Letting It All Hang Out

Tonight I went to a party, a going-away for Uptown, a private little wake for the paper we loved. (Not like the public fete we’re throwing this Thursday, to which I hope you all come down.)

We had a little discussion about honesty: honesty in writing, and in blogging, and in hanging our life out on the line. And since I’m in the middle of writing something for the Spectator Tribune that hints at things I’m still a little hesitant to share, I thought I’d take a break to muse on the topic of honesty in personal writing, for a moment.

Young writers read this blog, and young writers ask me for advice, and the best I can give is this: when drawing on your own life for the stories that you tell, trash the filter. Share everything. Respect the privacy of others — this is why anonymous voices make their mark upon my blogs — but save as little as you can for yourself. The scarier it is to say something, the more you know you’re on the right path.

The feeling that you have to hide a truth, is just a method of control.

The primary way that social and cultural institutions exert power is by enforcing which stories get told: the company that restricts who can talk to media. The abuser who ensures his victim is too afraid to speak a word. The man on the verge of committing suicide who, paralyzed by the shame we’re taught to feel of sadness, can’t make the call that could save his life.

Someone blasted me once for writing that I flunked my way out of school.

But really man? It’s no big deal. There’s no point in maintaining — even by a silence — the million little lies needed to pretend that life all went as planned. Let’s say it all together now: it totally didn’t. Whether we’re happy where we’re at or not, some things went off the rails. We can hide that, or we can say: “I own my flaws and my failures: they do not own me, and I will not respect their power by protecting their anonymity.”

Everything in its place and time, of course. But in general, life is better under less control.


In 1935, a young Hollywood starlet named Loretta Young told the tabloids she was sick with a stomach ailment. But the gossip in the movie industry was thick with the truth: she was pregnant out of wedlock. The baby’s father was the superstar Clark Gable, married and completely unavailable.

Young, a devout Roman Catholic in a tense and sometimes puritanical age, gave birth that winter in secret, and sent the infant to an orphanage. Eighteen months later  she announced she had decided to adopt a child: just an odd coincidence that the girl looked oh-so-much like her.

When little Judy was seven years old, her mother pinned the child’s ears back so she wouldn’t look too much like him. 

Judy never knew until just before her wedding that she was not, in fact, adopted, and that her biological mother was also her very own: when she confronted Loretta Young about it, the then-retired actress broke down. Called her a “mortal sin” and begged her not to tell a soul. Other than that single conversation, Loretta almost took her secret to her grave.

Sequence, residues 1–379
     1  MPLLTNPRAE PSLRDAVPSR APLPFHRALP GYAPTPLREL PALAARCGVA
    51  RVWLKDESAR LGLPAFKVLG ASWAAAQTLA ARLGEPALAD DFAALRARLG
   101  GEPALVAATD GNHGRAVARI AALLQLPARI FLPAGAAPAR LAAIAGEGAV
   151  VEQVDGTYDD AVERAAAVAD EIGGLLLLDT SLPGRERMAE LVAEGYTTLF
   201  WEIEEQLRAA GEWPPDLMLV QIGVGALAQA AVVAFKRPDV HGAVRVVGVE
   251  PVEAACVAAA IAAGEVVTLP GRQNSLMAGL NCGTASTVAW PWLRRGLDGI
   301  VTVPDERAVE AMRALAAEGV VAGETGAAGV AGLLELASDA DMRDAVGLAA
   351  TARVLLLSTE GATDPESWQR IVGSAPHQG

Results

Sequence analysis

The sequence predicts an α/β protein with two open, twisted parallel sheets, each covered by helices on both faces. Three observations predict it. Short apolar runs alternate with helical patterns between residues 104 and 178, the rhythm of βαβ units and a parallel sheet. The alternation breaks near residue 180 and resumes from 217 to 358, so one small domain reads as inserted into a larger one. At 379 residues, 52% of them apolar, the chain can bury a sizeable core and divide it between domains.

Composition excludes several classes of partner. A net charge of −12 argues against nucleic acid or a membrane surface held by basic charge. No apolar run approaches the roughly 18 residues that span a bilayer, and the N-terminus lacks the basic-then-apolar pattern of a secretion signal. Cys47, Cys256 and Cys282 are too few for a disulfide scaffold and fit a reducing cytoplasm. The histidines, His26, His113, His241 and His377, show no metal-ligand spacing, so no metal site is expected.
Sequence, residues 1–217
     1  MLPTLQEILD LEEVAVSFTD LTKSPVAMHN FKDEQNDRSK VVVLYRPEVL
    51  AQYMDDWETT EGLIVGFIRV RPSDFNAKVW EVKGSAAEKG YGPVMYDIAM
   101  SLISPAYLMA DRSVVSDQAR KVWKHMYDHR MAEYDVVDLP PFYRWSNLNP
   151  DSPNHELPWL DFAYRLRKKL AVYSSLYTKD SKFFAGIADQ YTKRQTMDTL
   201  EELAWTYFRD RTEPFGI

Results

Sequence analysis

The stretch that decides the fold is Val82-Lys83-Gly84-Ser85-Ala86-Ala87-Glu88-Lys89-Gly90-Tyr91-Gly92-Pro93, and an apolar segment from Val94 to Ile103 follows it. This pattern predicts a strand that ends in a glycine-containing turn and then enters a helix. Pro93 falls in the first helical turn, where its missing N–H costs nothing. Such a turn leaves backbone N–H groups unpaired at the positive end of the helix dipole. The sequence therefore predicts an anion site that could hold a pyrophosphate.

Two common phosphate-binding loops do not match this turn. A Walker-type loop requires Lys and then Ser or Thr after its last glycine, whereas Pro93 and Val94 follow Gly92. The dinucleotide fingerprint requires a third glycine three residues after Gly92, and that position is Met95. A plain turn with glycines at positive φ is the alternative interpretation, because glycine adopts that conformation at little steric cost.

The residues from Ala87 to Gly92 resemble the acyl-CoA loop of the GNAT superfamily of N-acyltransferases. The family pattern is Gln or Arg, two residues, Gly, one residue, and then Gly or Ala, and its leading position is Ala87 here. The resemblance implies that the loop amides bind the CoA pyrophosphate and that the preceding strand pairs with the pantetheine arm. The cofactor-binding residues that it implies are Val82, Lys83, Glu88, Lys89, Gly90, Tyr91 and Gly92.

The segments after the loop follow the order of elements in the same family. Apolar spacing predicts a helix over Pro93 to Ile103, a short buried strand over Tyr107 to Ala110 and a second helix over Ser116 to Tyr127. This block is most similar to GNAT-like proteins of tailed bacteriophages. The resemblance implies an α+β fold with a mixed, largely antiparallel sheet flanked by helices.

Shame is a powerful weapon of control, even after the risk of repercussion has long since ebbed away.

As for Judy? She did the only thing she knew to do: she wrote a book about it.


None of us are so different: it’s true, if painfully cliched. We all hope while holding our breath, and we are all, in our own ways, afraid. A writer’s power is being able to give our hopes and fears and failings all to light, knowing that someone will read it and feel — maybe for the very first time — that they are not alone. That they do not sit in the shadows of this life alone.

In the process, you will burn bridges, as I know I’ve recently burned a few. So be it, so long as the cost is not too great. Sometimes, the power of what you think might happen if you speak, can only be broken by the strength you find when you actually do.

And if I’m being honest: there are still things in my life I can’t yet commit to an imaginary page. This is the final way in which an invisible set of fingers dig white into my arm. I’m still protecting people, even though they are not owed the protection of my silence: that I maintain it, however shakily, is a lingering reminder of just how much power I had given up. Like I said: control.

Someday, though, I will write about that stuff, and at least a few voices will read it and say, “me too, me too.”

That feeling is what keeps me in this game.

So to all the young writers who ask me for advice about how to pour your voice into more personal public writing: I won’t say “don’t be scared,” that’s silly. Do be scared. Be scared, and let that be a map towards the stories you alone can say. The sky will not fall on you, and in the end, everything really is going to be okay.

And if it’s not, then write a blog, and tell the world that I’m the one to blame. Ha.